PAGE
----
Example 2: B builds a new office building for $10 million and enlists an engineering firm to perform a cost-segregation study. B eventually renovates the office building and capitalizes its expenditures based on the improvement guidelines in the temporary regulations. The scope of this renovation includes the disposal of 4,500 square feet of interior walls, 1,000 square feet of ceiling tiles, and 500 linear feet of electrical wiring. The previously issued cost-segregation report includes details listing the unadjusted depreciable cost per unit of each retired component. B uses the specific identification method to identify to which capital accounts the disposition applies. Based on the details provided in the study, B calculates the loss she may recognize on the retired assets.


Conclusion

There are a number of considerations to be made in applying the temporary regulations. In addition to dispositions and structural improvements, the temporary regulations prescribe special rules for leased property, condominiums, cooperatives, and network assets. In March 2012, Treasury published Rev. Procs. 2012-19 and 2012-20 to guide taxpayers through the change in accounting method process. Owners of real estate should consider the implications of the new regulations when engaging firms to perform cost-segregation studies. Providers of cost-segregation studies should have a comprehensive understanding of the new regulations as well as an understanding of how these regulations will affect their clients. Providers should work closely with clients to ensure that the studies they provide are tailored to meet their clients’ needs.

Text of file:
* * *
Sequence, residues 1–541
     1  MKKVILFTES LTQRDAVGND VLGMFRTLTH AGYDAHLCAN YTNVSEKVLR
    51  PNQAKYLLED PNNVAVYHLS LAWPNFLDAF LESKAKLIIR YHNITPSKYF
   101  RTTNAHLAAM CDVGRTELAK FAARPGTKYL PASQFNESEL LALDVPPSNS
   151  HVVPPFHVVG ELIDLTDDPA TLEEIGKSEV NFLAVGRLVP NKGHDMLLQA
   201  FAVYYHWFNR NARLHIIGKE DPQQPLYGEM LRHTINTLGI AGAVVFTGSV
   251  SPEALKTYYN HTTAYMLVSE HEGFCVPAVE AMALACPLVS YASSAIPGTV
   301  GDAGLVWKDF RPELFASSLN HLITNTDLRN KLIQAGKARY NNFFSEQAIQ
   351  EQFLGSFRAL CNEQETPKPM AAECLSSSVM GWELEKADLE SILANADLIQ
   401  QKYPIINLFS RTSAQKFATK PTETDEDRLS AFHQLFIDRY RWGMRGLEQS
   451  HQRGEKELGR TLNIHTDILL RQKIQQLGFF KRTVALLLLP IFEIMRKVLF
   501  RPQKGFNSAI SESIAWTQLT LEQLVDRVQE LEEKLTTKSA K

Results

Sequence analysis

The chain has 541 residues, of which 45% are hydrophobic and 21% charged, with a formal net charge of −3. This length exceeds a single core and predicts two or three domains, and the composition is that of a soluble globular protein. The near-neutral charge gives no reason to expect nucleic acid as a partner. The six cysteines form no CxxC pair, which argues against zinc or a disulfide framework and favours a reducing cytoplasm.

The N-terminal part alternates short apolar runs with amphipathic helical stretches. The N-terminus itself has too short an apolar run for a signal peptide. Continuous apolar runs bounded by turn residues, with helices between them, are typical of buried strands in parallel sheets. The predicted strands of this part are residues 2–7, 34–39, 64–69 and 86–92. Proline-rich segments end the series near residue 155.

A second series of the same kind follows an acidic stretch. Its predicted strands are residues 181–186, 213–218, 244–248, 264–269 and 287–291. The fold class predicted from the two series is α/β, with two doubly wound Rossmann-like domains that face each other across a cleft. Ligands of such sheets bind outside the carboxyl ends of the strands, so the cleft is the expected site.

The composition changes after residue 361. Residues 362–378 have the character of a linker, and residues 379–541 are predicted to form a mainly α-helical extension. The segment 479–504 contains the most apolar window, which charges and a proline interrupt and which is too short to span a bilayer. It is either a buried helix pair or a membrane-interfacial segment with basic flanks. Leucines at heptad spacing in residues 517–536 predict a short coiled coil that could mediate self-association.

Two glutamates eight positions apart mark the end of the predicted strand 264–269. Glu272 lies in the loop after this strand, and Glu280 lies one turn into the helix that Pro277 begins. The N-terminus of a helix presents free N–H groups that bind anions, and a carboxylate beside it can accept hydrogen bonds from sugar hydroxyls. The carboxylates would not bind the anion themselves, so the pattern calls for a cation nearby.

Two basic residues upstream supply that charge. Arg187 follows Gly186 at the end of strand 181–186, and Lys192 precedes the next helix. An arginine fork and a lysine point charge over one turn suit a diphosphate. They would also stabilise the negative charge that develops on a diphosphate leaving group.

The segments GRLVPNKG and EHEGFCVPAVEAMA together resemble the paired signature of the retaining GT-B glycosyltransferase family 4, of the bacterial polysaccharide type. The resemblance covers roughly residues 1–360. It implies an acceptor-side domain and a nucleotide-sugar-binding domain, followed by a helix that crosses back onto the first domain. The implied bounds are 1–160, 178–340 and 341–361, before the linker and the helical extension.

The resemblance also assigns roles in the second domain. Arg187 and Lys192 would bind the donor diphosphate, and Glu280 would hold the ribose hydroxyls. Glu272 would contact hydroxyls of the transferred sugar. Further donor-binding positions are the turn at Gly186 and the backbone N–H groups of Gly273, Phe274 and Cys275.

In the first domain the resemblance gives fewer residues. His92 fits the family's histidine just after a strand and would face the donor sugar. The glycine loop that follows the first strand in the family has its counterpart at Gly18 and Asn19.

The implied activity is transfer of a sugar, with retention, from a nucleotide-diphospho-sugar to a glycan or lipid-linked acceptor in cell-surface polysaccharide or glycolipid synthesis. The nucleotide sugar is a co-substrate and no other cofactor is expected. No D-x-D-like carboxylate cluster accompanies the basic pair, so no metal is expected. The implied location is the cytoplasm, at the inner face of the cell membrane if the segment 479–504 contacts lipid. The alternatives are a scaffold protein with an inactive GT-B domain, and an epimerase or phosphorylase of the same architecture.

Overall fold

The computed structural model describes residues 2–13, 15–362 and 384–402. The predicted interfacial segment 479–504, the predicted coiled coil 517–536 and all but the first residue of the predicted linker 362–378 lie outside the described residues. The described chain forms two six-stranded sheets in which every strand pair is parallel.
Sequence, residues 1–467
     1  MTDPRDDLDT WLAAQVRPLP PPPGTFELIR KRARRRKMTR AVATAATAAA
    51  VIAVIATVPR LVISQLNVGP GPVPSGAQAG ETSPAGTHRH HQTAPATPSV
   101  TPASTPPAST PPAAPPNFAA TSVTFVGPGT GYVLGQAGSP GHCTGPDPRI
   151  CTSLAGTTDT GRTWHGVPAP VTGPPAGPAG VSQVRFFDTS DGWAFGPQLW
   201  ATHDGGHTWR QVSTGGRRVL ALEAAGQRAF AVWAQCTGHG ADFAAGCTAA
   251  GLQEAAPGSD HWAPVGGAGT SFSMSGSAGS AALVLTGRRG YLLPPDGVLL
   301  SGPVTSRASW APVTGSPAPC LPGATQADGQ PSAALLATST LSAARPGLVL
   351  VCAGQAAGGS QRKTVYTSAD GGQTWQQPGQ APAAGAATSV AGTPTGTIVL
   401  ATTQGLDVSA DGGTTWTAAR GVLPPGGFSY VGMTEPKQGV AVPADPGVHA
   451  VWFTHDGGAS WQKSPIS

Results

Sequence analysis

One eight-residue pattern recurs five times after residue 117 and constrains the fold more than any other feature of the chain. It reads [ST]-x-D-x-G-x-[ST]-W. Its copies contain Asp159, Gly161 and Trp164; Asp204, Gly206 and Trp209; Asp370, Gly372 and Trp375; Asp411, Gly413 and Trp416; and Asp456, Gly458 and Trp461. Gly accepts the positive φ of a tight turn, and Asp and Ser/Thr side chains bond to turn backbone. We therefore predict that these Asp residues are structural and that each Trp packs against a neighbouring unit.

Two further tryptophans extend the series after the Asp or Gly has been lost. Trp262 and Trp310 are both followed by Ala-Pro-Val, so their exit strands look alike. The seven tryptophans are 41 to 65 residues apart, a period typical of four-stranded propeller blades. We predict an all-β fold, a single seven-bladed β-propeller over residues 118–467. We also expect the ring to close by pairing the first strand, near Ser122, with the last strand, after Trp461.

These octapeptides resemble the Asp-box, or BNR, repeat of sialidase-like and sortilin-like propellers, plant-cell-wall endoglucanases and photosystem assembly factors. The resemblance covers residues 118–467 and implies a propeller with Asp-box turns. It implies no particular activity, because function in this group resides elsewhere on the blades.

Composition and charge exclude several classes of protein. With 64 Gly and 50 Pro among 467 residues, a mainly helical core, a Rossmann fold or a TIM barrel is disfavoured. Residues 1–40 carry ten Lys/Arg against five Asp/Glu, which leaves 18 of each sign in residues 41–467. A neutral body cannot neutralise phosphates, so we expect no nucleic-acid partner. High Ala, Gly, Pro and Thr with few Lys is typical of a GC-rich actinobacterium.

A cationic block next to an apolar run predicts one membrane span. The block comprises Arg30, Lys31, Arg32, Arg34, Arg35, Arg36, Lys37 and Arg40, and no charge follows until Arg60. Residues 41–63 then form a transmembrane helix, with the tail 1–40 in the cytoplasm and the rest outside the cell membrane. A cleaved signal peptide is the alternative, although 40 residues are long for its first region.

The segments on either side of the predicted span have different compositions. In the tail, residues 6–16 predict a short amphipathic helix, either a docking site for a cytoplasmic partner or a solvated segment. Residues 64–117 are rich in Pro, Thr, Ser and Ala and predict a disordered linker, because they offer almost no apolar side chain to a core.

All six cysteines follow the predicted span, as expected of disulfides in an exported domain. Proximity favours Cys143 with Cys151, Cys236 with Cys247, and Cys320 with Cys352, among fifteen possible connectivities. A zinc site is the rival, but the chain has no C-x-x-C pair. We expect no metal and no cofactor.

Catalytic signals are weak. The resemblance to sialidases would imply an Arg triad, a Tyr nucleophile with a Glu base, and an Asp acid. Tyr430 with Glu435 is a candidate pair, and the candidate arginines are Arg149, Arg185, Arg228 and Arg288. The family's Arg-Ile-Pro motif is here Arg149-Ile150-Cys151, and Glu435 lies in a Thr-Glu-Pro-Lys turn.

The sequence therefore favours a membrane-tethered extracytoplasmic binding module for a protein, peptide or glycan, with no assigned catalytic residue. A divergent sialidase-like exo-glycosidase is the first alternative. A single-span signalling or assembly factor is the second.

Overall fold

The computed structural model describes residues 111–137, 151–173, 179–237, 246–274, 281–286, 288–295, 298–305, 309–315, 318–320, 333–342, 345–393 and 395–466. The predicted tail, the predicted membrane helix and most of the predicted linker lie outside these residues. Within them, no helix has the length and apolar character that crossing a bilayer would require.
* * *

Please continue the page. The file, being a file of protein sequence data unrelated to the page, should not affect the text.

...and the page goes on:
EditorNotes

Frank J. O’Connell Jr. is a partner in Crowe Horwath LLP in Oak Brook, Ill.

For additional information about these items, contact Mr. O’Connell at 630-574-1619 or frank.oconnell@crowehorwath.com .

Unless otherwise noted, contributors are members of or associated with Crowe Horwath LLP.